Freedom in the World
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Western Sahara *
Freedom Rating (1 = best, 7 = worst)
Civil Liberties (1 = best, 7 = worst)
Political Rights (1 = best, 7 = worst)
Talks between the Moroccan government and the pro-independence Polisario Front continued in 2009, but the two sides remained at odds over whether to allow a referendum on independence. Pro-independence activists continued to be detained and harassed, and the conditions on the ground for most Sahrawis remained poor.
Because the Polisario Front remained committed to an eventual referendum on independence, the two sides failed to make meaningful progress in several rounds of talks that started in 2007 and continued through 2009. Also in 2009, some UN Security Council members expressed concern about the human rights situation and proposed that the council consider expanding MINURSO’s mandate.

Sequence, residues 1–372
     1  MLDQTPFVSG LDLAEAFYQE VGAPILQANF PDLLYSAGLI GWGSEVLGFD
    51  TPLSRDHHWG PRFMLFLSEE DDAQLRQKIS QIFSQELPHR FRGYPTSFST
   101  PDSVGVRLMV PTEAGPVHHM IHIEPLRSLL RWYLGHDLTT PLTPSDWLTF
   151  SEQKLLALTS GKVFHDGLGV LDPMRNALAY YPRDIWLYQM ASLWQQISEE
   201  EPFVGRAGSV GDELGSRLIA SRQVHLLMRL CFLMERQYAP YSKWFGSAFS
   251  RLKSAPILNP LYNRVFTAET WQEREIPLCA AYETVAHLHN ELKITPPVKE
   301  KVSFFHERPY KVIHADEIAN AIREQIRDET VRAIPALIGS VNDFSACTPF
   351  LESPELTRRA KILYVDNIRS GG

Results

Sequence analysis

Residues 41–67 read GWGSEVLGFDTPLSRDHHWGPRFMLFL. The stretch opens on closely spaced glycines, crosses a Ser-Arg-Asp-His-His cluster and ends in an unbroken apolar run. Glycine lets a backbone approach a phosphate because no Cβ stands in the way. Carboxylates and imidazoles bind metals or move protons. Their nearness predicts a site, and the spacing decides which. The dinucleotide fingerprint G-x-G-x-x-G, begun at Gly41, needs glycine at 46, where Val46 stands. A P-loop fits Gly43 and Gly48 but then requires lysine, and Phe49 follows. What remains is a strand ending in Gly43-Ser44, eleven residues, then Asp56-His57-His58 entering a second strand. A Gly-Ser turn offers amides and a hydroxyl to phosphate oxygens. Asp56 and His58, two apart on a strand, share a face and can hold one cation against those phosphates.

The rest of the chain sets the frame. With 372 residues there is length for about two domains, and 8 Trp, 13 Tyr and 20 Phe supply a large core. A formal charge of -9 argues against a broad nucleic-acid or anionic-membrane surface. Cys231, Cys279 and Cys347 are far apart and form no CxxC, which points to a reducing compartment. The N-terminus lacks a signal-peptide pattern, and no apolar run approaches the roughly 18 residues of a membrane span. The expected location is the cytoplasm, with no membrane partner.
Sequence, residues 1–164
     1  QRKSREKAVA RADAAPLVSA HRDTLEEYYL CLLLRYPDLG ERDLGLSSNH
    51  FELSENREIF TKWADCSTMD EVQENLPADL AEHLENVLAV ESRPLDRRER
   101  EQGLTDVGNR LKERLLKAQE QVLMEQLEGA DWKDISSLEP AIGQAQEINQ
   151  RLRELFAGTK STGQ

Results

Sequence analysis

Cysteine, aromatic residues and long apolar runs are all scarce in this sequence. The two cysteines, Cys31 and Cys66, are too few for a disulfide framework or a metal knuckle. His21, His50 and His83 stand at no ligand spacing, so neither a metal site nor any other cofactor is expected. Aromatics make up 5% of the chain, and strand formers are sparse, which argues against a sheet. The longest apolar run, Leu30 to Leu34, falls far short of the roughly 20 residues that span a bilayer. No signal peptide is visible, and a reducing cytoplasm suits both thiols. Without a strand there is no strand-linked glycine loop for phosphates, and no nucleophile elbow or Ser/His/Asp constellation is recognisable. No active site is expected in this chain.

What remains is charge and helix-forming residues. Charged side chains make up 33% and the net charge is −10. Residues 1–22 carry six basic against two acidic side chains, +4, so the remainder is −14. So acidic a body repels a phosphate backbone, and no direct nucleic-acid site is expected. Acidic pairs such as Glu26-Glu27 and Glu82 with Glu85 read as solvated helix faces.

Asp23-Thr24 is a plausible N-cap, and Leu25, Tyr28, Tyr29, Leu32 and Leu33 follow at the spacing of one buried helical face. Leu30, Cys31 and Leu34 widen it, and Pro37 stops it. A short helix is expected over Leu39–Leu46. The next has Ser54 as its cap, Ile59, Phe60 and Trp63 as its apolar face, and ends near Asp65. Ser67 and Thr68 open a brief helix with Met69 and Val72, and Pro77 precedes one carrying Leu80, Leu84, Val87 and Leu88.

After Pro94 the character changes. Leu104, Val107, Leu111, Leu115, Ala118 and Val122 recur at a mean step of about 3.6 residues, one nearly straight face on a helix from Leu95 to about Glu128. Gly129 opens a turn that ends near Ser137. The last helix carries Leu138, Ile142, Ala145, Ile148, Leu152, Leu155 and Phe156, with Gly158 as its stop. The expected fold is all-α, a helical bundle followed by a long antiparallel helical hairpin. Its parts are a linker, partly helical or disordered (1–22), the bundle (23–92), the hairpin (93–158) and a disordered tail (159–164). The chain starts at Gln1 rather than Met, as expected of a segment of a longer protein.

As the occupying force in Western Sahara, Morocco controls local elections and works to ensure that independence-minded leaders are excluded from both the local political process and the Moroccan Parliament.
Sahrawi women face much of the same cultural and legal discrimination as Moroccan women. Conditions are generally worse for women living in rural areas, where poverty and illiteracy rates are higher.